About BSA

History


Vision Statement

We respect the young creative mind and exist to nurture its passion and potential. We believe that the pursuit of mastery in an artistic field, paired with a strong individual sense of purpose, leads to a wide range of positive outcomes for both the student and the community.

Mission Statement

Baltimore School for the Arts seeks to prepare the next generation of the creative workforce by providing inspiring arts and academic training to high school students as well as opportunities in the arts to younger children and the greater community.


History
In the mid-seventies, Baltimore City school board officials determined that Baltimore needed a place where students who aspired to careers in the arts might receive pre-professional arts training they would need to be competitive. In 1979, after task-force study in conjunction with the city’s mayor and arts leaders, the BCPSS board approved the establishment of the Baltimore School for the Arts (BSA) with a specialized mission and visionary document called School Board Resolutions. The BSA was established as a city-wide school within the Baltimore City Public School System; however the Resolutions stated "that it differ from other Baltimore city high schools by training students with potential for careers in the performing and visual arts."

The Resolutions provide BSA with a unique structure and policies to successfully fulfill its mission as a pre-professional arts high school.  Among the most important provisions include a Board of Overseers; an independent 501(3)(c) Foundation; a director with an arts background; an arts faculty comprised of professional artists; and special student admission and retention policies.  An important public/private partnership has existed since the inception of the Baltimore School for the Arts and continues today, allowing the school the freedom and resources to continue to distinguish itself as an academic and arts institution.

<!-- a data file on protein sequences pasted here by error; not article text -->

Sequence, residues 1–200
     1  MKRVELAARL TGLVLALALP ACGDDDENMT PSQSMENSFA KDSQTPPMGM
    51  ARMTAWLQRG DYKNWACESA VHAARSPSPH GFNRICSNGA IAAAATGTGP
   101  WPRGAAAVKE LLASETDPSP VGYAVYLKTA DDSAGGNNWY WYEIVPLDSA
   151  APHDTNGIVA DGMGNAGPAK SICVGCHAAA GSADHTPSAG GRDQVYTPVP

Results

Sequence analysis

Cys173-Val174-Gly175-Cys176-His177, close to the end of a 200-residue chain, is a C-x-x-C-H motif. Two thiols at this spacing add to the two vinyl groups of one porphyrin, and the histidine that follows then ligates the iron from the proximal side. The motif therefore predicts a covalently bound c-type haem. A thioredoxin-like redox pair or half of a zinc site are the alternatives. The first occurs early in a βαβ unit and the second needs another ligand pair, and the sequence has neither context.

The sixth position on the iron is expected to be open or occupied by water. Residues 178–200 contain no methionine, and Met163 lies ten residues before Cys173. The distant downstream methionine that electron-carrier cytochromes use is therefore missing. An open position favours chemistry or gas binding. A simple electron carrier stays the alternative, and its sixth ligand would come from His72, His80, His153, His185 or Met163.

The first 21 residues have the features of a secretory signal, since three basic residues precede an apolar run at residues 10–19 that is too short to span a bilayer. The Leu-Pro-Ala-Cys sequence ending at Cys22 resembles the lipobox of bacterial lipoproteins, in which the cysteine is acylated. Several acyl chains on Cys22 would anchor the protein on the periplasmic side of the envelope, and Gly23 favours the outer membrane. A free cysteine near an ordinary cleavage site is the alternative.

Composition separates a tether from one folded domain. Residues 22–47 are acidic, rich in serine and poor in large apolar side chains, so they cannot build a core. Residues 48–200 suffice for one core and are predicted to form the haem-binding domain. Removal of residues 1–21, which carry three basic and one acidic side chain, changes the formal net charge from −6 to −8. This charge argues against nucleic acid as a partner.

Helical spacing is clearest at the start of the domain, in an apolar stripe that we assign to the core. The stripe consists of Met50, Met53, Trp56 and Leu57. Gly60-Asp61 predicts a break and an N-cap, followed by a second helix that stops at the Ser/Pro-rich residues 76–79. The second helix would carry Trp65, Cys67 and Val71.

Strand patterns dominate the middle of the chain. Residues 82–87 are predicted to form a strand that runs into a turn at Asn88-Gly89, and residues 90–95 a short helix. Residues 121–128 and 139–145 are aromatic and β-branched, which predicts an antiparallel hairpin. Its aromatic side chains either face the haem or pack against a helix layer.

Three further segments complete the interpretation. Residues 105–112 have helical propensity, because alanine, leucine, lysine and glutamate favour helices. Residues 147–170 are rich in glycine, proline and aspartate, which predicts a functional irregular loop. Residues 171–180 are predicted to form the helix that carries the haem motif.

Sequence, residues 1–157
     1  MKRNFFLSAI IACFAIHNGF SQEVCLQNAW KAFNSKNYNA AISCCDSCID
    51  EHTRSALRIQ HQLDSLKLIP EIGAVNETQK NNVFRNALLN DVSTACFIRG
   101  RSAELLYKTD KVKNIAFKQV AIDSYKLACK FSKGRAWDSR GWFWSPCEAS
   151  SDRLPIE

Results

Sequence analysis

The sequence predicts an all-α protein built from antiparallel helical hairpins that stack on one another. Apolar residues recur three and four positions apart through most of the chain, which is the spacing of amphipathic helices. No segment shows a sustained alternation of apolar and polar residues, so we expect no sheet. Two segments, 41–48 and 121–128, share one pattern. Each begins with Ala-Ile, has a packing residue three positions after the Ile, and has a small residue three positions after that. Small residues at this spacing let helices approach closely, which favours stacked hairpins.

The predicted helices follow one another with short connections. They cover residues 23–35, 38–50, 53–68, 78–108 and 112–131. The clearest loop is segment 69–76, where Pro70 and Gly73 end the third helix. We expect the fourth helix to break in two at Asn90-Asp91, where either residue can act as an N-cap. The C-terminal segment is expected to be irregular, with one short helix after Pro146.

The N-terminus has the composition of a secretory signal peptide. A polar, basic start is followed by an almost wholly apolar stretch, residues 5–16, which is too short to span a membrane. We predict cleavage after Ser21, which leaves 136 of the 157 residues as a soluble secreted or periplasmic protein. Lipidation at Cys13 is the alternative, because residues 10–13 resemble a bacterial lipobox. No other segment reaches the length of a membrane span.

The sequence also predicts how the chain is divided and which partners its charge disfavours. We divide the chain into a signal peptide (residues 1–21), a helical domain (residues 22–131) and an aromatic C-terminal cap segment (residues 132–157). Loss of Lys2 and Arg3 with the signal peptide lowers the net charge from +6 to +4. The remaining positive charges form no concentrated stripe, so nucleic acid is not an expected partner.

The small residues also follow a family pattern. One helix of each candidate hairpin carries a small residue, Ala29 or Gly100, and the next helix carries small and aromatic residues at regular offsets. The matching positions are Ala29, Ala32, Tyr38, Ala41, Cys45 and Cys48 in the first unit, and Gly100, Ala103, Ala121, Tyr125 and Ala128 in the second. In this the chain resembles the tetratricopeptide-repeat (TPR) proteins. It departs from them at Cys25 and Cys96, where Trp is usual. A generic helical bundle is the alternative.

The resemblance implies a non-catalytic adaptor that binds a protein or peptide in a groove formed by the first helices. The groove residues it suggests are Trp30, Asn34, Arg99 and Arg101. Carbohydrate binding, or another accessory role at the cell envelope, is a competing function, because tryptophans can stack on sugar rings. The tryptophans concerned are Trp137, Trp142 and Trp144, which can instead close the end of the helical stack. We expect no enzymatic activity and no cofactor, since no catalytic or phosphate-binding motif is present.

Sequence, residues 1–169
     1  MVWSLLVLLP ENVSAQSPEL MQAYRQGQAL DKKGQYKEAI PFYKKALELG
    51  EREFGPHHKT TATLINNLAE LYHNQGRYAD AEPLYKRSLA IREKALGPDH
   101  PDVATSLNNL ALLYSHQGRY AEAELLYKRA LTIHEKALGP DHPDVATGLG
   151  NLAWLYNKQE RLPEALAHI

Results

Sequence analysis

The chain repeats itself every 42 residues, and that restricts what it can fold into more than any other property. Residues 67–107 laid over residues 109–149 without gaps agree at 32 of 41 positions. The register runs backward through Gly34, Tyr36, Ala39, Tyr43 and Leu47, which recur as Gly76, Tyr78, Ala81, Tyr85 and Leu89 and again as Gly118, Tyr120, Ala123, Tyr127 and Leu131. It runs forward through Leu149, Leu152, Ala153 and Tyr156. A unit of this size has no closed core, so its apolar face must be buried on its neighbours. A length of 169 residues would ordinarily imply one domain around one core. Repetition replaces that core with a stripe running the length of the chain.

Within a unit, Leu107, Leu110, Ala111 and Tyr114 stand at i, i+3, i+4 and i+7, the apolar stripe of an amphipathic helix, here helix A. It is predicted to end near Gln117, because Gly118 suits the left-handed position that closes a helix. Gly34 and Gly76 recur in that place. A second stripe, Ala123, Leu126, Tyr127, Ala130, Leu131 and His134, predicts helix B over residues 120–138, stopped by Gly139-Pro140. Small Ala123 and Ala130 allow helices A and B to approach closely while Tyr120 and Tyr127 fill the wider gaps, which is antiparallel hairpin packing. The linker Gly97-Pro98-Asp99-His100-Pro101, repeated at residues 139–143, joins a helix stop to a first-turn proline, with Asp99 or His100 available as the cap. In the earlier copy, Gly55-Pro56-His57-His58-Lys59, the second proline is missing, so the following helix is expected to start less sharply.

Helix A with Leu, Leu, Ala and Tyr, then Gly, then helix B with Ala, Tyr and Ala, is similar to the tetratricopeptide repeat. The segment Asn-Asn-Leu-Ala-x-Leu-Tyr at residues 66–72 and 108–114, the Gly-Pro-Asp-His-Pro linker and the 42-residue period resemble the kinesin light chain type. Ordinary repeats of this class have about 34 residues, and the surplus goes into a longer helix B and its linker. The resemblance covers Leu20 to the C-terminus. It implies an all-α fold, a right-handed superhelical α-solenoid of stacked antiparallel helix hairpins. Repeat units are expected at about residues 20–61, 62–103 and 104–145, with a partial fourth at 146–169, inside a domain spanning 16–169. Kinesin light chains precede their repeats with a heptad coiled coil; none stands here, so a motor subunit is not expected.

For a documentary film about the founding of BSA, including interviews with the original team of artists, educators, politicians and business people, please click here or visit www.thefoundersproject.com.

Achievements
Over the past 35 years, the Baltimore School for the Arts has achieved the following:

  • In 2001, the Doris Duke and Surdna Foundations recognized BSA as one the top five public arts high schools in the country.
  • In 1990, BSA was named by the National Endowment for the Arts as one of the top five public arts schools in the country and was recognized as a Blue Ribbon School by the U.S. Department of Education.
  • The International NETWORK of Schools for the Advancement of Arts Education selected our TWIGS program for its 2006 Community Partnership Award which celebrates the use of arts and education to foster community enhancement.
  • Although BSA admits students based on an arts audition (without consideration of past academic performance or test scores) each year between 95-99% of our graduates go on to higher education.
  • Recent alumni have reported a college graduation rate that is nearly double the national average.
  • BSA students have a national impact in the arts. BSA graduates are on Broadway, television, films, in major dance companies, orchestras, design firms – graduates also have careers in education, business and human services.
  • BSA serves thousands of Baltimore City school children (from pre-kindergarten through eighth grade) and their families through community outreach programs.



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"TWIGS was a chance for me to be with other kids I was not in school with, to be with different teachers who were serious about art."
Dorian Dean
Visual Art Student

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